Last edited by SimonNZ; Aug-05-2014 at 11:47.

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  20. #72
    Senior Member ptr's Avatar
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    ComeAndSeePoster.jpg

    Have a hard time to single out one, but Elem Klimov's "Come and See" had a strong impact on me when I saw it first (Not least cuz it reminded me strongly about some of my Ukrainian relatives experiences during WWII).. I have also "enjoyed" quite a few Wenders, Tarkovsky and Jarmush films.
    fx. I still have nightmares 30 odd years later from watching "Stalker"...

    /ptr
    Je suis Charlie ~ I am a certified OrgaNut! (F.—I.W.)

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  22. #73
    Senior Member realdealblues's Avatar
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    In reading these comments I recognize pretty much every movie and there are so many great movies that I love to watch.

    My own personal favorite film is probably "Jaws".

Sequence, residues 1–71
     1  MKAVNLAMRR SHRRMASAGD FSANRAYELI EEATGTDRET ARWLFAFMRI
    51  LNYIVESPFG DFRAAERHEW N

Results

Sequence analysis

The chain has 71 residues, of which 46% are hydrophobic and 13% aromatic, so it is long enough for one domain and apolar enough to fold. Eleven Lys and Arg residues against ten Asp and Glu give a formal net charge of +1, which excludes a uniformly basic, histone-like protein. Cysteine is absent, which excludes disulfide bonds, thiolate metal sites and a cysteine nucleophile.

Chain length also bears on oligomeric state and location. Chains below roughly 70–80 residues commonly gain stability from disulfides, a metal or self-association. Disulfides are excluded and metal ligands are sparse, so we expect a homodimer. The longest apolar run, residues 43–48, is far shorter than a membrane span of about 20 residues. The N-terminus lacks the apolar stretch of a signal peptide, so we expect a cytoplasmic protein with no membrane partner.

It just covers everything. It's an Action, Adventure, Comedy, Drama, Horror, Thriller Movie. It literally fits into just about every genre. It has great actors, memorable scenes and lines that everyone knows, it just seems to have everything and cross every genre so it never gets old to me. I never tire of seeing it.

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  24. #74
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    For me, it's the Eastern European and Japanese directors who seem to capture my imagination most. I don't care much for American films, as they're often quite formulaic and emotionally retarded.
    Last edited by Morimur; Aug-05-2014 at 15:48.

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  26. #75
    Senior Member Levanda's Avatar
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    Quote Originally Posted by Lope de Aguirre View Post
    For me, it's the Eastern European and Japanese directors who seem to capture my imagination most. I don't care much for American films, as they're often quite formulaic and emotionally retarded.
    For me too I love East Europe films and foreign films. Chinese films are good as well I can't remember the titles but I watched few good story. Not much fan of Hollywood films rare I like them.